Discussion:
Well, was the little shit ever prosecuted under the "Malicious Communications Act of 1988"?
(too old to reply)
Byker
2021-07-24 22:47:24 UTC
Permalink
"Someone with a British accent had called emergency services in Sumner
County and reported having shot a woman in the back of the head at Mr.
Herring's address. The caller had threatened to set off pipe bombs at
the front and back doors if officers came, according to federal court
records."

"After he pleaded guilty on March 22, Mr. Sonderman continued to
"conspire with others to harass people online in order to obtain
control of their social media handles," federal prosecutors said in
court records. They did not provide more details and declined to say
whether the minor in the United Kingdom could be extradited to face
charges in Tennessee."
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A Grandfather Died in 'Swatting' Over His Twitter Handle, Officials Say

Maria Cramer

Mark Herring had a fatal heart attack after the police swarmed his
house after a fake emergency call. A Tennessee man was sentenced to
five years in prison in connection with the episode.

July 24, 2021

Mark Herring was at home in Bethpage, Tenn., one night in April 2020
when the police swarmed his house.

Someone with a British accent had called emergency services in Sumner
County and reported having shot a woman in the back of the head at Mr.
Herring's address. The caller had threatened to set off pipe bombs at
the front and back doors if officers came, according to federal court
records.

When the police arrived, they drew their guns and told Mr. Herring, a
60-year-old computer programmer and grandfather of six, to come out
and keep his hands visible.

As he walked out, he lost his balance and fell. He was pronounced dead
that same night at a nearby hospital. The cause of death was a heart
attack, according to court records.

Mr. Herring had been a victim of "swatting," the act of reporting a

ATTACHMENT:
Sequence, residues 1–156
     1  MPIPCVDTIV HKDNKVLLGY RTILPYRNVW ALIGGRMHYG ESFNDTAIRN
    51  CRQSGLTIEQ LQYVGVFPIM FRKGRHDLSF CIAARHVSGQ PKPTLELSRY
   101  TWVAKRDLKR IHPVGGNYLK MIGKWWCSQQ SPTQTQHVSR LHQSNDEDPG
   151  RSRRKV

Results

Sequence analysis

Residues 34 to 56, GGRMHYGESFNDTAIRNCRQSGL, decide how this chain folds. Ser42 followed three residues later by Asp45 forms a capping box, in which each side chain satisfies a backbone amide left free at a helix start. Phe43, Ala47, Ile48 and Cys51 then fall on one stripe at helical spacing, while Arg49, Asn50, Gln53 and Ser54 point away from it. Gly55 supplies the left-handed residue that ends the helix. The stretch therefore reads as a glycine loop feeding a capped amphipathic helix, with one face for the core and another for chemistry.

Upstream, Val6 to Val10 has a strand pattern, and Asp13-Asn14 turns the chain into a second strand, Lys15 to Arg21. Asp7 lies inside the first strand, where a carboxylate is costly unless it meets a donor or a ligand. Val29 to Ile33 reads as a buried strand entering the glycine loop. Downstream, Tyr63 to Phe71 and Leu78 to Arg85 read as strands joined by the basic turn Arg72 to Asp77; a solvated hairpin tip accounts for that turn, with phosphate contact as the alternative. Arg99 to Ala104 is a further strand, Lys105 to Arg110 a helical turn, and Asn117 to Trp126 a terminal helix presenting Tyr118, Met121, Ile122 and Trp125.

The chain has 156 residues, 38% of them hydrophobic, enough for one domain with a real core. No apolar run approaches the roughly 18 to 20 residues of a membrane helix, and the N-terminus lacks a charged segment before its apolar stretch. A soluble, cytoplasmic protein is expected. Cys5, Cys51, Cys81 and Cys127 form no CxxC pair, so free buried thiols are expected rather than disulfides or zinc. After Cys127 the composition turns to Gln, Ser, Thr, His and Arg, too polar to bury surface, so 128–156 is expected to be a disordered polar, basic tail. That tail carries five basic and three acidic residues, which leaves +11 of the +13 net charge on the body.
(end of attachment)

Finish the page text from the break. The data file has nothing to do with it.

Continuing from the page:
fake crime in order to provoke a heavily armed response from the
police.

The caller was a minor living in the United Kingdom, according to
federal prosecutors. But the caller knew Mr. Herring's address because
Shane Sonderman, 20, of Lauderdale County, Tenn., had posted the
information online, prosecutors said.

On Wednesday, Mr. Sonderman was sentenced to five years in prison
after he pleaded guilty to one count of conspiracy.

"The defendant was part of a chain of events," federal prosecutors
said in court documents. The police "arrived prepared to take on a
life and death situation," prosecutors said. "Mr. Herring died of a
heart attack at gunpoint."

Mr. Sonderman's lawyer, Bryan R. Huffman, said he had argued for a
lesser sentence but believed five years "was fair in light of Shane's
culpability."

"Mr. Sonderman has expressed his remorse on multiple occasions. He has
expressed his regret regarding Mr. Herring's death," Mr. Huffman said
in an email on Saturday. "Mr. Sonderman's family had also expressed
their remorse. There are many families affected by Shane's actions,
including his own family."

Mr. Herring was targeted because he refused to sell his Twitter
handle, @Tennessee, according to his family and prosecutors.

Smart, blunt and plain-spoken, Mr. Herring had loved computers since
he was a teenager and joined Twitter in March 2007, less than a year
after it started, his family said.

He knew people wanted his handle, which he chose because of his love
for the state, where he had been born and raised, and had rebuffed
offers of $3,000 to $4,000 to sell it, his daughter Corinna Fitch, 37,
said in an interview.

"He would laugh it off and say, 'I'm not selling that,'" she said.